Mango butter is just not one fine solution for the skin but also a sumptuous indulgence for taste buds. It tastes wonderful and even works as wonder on the skin, like I already mentioned.
Mango butter is obtained from the kernels of the mango tree. It has a high content of stearic acid, which makes it similar to cocoa butter in properties, but this butter is soft not hard. It has only been refined once thus leaving it in more pure state as opposed to the harder Mango Butters sold by competitors. It has good emollient properties and lends a protective effect against the sun. It is said to prevent drying of the skin and formation of wrinkles. It reduces degeneration of skin cells and restores flexibility.
Mango butter is the fatty acid cold-pressed from mango seeds. Its properties and even chemical structure are similar to cocoa and Shea butter, and it is used for many of the same purposes. The natural form of mango butter is semi-solid and non-greasy, and it is used as a moisturizer for hair and skin as well as an ingredient in cooking.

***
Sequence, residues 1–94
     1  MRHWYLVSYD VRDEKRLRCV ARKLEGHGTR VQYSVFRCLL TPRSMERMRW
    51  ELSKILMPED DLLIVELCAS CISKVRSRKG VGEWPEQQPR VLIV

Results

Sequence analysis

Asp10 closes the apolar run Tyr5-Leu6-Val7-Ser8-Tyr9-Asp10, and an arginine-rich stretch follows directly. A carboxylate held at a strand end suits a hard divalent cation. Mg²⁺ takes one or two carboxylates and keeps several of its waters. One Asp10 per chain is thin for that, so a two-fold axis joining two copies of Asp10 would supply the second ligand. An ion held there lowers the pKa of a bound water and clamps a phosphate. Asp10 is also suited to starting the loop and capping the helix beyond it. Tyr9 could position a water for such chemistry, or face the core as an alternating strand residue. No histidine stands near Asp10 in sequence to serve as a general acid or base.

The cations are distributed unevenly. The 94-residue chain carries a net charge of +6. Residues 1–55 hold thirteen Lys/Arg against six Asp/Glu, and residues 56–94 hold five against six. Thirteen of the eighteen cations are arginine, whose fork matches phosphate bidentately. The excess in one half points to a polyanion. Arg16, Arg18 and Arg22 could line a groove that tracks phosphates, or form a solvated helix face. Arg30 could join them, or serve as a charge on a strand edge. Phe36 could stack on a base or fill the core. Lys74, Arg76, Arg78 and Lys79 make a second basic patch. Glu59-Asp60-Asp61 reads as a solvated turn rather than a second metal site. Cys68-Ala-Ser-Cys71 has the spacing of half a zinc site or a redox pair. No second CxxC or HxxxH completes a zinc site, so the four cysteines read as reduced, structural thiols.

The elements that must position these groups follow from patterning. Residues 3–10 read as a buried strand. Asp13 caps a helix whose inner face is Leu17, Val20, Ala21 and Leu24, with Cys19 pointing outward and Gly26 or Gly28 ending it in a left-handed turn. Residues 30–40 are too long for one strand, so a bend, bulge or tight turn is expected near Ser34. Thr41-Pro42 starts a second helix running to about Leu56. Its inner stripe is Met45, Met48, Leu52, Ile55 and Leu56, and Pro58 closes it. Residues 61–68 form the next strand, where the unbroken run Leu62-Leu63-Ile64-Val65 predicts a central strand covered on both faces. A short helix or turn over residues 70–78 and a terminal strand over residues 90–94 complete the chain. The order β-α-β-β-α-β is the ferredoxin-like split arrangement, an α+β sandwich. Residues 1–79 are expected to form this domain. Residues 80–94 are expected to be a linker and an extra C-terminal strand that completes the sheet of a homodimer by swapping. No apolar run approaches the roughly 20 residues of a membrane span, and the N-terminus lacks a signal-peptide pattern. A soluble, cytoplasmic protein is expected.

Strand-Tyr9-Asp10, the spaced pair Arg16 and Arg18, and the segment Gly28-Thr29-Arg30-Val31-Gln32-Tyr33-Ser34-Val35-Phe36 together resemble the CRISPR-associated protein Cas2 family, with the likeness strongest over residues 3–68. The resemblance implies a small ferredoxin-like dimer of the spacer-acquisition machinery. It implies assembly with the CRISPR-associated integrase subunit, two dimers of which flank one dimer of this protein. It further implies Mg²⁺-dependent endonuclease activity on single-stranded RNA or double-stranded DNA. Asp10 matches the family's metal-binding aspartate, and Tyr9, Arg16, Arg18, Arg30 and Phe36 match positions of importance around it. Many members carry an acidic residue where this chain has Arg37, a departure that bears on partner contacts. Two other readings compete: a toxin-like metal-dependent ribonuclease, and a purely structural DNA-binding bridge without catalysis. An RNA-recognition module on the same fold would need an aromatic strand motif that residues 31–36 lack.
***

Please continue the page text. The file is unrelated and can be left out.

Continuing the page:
Raw mango butter is rich in oleic acid, a mono-unsaturated omega-9 acid, and stearic acid, a saturated fatty acid. Its natural ingredients act as emollients to add moisture to and soothe dry skin and hair. Emollients play an important role in adding moisture to skin and improving its elasticity and ability to heal itself. Mango butter is a common product in many commercial soaps, lotions, and even cosmetics. It may also be included in shampoos, conditioners, and hot-oil treatments for hair.
Another common use for mango butter is as a replacement for cooking oils, butter or margarine in a person’s diet. This oil or butter has omega-9 fatty acids, which are important to a healthy diet. The mango is native to southern Asia, and the butter or flour made from mango seeds is consumed on a regular basis.
Mango butter may also help fight the common effects of injury to the skin and aging. Stretch marks, fine lines, and rough skin have all been reportedly alleviated by regular use of mango butter. Scars may also be reduced with regular use. Another common topical use is as a healing aid for –
- Minor cuts
- Sunburn in place of other healing ointments
As a salve, mango butter can be warmed slightly and then slathered onto a wound; it then should be covered with a bandage or other sterile covering.
Go through our reference links now –